All I have to go off of is my own frame of reference, so I'm glad to get another perspective, 'specially a humbling one. Cheers!
 

Edited by BillyBillyBilly

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Obviously the people who post online about how unhappy they are are going to be a self-selecting group. I have nothing but anecdotal evidence from three friends in poli sci programs - one at a top-10, one at a top-30, one at an unranked program, so their predicted outcomes are vastly different. The one in the middle hates it the most, but it's either finish or go back to his/her home country. The other two seem quite content.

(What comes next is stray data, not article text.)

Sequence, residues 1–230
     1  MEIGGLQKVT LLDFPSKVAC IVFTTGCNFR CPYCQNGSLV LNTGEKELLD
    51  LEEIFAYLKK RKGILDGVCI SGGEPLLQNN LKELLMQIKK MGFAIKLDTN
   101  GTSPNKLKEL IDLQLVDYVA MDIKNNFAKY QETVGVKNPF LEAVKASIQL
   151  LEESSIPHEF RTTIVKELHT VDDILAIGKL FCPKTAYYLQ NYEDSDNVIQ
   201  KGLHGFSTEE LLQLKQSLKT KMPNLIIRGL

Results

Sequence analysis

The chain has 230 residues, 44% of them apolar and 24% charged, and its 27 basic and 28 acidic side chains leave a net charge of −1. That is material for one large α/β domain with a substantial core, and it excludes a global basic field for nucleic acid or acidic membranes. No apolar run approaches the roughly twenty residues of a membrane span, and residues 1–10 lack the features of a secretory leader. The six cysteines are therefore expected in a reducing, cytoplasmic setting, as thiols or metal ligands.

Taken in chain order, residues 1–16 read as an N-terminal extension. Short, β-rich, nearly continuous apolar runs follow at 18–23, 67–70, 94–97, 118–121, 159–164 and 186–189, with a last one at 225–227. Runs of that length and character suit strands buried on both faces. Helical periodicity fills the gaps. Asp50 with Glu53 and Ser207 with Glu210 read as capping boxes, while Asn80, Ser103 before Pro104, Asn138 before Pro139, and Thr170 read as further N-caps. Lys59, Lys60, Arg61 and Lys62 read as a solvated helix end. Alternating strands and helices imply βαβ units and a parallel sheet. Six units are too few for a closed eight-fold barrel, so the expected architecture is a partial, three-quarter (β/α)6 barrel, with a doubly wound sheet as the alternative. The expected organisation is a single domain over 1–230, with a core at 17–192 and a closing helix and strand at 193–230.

The "hypothetical happiness" argument is an interesting one because, as far as I can tell, very few poli sci PhD candidates have significant salaried work experience beyond academia, whether in policy or a related field. They don't actually know what the other side looks like - they may have loved it, they may have hated it. Some people ended up in PhD programs because it was 2009-2010-2011, law school was too expensive, and the alternative was sixteen unpaid internships in DC in a row - these people would have undoubtedly been hypothetically happier in a paying job from the getgo. Others ended up in PhD programs because they desperately wanted to devote their lives to academic research - these people would hypothetically be miserable in anything else. Yet others chose PhDs with a clear non-academic goal in mind - thinktanks, NGOs, government, what have you; my guess is these people aren't the ones posting about fierce competition for TT lines at the University of Northeastern Nebraska. Of these three groups, my top-30 friend falls into the first, my top-10 friend falls into the second, and my unranked friend falls into 1 & 3. Take from that what you will - maybe that group 1 is always going to be unhappy and that group 2 is always going to be happy?